Green Video Streaming: Challenges and Opportunities

ACM Special Interest Group in Multimedia (SIGMM)


Samira Afzal (Alpen-Adria-Universität (AAU) Klagenfurt, Austria), Radu Prodan (Alpen-Adria-Universität (AAU) Klagenfurt, Austria), Christian Timmerer (Alpen-Adria-Universität (AAU) Klagenfurt and Bitmovin Inc., Austria)


Regarding the Intergovernmental Panel on Climate Change (IPCC) report in 2021 and Sustainable Development Goal (SDG) 13 “climate action”, urgent action is needed against climate change and global greenhouse gas (GHG) emissions in the next few years [1]. This urgency also applies to the energy consumption of digital technologies. Internet data traffic is responsible for more than half of digital technology’s global impact, which is 55% of energy consumption annually. The Shift Project forecast [2] shows an increase of 25% in data traffic associated with 9% more energy consumption per year, reaching 8% of all GHG emissions in 2025.

Video flows represented 80% of global data flows in 2018, and this video data volume is increasing by 80% annually [2].  This exponential increase in the use of streaming video is due to (i) improvements in Internet connections and service offerings [3], (ii) the rapid development of video entertainment (e.g., video games and cloud gaming services), (iii) the deployment of Ultra High-Definition (UHD, 4K, 8K), Virtual Reality (VR), and Augmented Reality (AR), and (iv) an increasing number of video surveillance and IoT applications [4]. Interestingly, video processing and streaming generate 306 million tons of CO2, which is 20% of digital technology’s total GHG emissions and nearly 1% of worldwide GHG emissions [2].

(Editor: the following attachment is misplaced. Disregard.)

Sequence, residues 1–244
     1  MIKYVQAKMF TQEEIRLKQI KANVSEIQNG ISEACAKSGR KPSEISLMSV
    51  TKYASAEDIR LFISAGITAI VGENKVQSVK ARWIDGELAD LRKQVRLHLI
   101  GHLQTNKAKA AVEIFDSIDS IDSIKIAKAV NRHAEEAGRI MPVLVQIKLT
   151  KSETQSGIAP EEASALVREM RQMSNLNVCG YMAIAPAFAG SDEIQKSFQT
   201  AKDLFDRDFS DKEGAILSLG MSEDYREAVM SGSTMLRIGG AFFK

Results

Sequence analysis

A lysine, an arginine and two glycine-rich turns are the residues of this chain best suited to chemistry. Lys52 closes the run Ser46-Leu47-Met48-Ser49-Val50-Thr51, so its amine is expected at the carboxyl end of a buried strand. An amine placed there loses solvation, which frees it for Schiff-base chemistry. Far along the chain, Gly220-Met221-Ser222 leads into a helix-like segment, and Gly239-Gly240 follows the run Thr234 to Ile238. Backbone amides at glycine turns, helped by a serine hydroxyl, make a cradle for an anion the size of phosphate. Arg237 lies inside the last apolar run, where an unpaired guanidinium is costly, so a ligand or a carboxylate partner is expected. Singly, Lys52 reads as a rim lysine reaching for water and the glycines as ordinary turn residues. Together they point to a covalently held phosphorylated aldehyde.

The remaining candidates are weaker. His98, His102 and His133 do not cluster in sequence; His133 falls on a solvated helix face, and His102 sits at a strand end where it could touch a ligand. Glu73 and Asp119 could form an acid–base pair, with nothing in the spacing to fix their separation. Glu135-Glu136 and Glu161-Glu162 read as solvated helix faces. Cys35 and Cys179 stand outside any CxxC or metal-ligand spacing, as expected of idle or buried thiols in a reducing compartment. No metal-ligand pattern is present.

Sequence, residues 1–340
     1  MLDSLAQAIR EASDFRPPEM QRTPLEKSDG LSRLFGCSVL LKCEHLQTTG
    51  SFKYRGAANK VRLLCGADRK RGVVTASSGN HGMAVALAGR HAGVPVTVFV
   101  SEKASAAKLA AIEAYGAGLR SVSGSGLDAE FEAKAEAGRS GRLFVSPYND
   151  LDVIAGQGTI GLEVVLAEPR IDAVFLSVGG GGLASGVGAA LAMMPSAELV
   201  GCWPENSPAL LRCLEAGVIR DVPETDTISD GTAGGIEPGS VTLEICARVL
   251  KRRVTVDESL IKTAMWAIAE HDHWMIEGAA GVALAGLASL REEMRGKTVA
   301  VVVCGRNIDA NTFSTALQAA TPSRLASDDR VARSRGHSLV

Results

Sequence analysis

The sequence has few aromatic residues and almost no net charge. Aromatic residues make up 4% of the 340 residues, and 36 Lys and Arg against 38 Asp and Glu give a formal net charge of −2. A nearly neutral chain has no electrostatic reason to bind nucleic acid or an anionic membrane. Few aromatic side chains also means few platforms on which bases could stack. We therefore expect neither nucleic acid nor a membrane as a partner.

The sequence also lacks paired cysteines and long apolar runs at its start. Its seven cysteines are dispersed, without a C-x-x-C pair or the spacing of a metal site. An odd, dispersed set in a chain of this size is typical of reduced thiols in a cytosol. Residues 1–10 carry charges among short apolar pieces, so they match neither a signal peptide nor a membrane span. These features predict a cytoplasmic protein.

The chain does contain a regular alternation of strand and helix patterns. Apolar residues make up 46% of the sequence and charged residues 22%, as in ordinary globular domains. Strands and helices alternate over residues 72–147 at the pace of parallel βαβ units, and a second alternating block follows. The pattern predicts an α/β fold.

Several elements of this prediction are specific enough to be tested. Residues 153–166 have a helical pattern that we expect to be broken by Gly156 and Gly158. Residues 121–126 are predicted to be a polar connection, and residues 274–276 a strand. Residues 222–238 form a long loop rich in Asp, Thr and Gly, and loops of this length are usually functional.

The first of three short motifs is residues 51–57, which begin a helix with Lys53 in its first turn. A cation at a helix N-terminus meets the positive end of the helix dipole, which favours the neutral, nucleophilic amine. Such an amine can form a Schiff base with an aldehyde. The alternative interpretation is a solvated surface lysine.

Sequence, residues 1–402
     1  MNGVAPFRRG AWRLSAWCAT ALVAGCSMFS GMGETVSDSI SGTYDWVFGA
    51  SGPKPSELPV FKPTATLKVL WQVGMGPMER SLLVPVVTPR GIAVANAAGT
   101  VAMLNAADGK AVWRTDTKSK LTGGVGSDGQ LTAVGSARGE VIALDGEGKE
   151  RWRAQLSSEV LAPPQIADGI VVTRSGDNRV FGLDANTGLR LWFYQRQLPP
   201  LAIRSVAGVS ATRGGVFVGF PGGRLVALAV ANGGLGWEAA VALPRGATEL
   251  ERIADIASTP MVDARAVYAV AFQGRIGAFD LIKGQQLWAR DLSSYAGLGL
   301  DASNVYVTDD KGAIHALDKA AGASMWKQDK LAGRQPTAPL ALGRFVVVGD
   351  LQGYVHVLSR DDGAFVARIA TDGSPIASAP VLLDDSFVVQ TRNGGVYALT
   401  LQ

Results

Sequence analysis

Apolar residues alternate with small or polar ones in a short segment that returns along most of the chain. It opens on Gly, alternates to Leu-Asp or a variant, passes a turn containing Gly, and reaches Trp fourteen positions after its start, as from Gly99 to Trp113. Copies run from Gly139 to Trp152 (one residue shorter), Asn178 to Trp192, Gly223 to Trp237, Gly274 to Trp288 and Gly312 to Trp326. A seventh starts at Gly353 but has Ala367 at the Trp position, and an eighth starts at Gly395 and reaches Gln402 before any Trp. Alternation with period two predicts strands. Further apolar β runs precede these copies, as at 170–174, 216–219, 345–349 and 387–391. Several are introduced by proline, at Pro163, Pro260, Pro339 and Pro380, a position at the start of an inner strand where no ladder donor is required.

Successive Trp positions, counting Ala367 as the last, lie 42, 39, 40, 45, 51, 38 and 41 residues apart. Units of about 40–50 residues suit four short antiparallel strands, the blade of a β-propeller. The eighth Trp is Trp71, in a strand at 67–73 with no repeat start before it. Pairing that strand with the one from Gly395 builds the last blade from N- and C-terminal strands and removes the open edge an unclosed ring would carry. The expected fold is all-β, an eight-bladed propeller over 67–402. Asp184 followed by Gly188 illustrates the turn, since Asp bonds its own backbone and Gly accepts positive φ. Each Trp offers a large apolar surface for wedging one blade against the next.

While research has shown that the carbon footprint of video streaming has been decreasing in recent years [5], there is still a high need to invest in research and development of efficient next-generation computing and communication technologies for video processing technologies. This carbon footprint reduction is due to technology efficiency trends in cloud computing (e.g., renewable power), emerging modern mobile networks (e.g., growth in Internet speed), and end-user devices (e.g., users prefer less energy-intensive mobile and tablet devices over larger PCs and laptops). However, since the demand for video streaming is growing dramatically, it raises the risk of increased energy consumption.

Investigating energy efficiency during video streaming is essential to developing sustainable video technologies. The processes from video encoding to decoding and displaying the video on the end user’s screen require electricity, which results in CO2 emissions. Consequently, the key question becomes: “How can we improve energy efficiency for video streaming systems while maintaining an acceptable Quality of Experience (QoE)?”.


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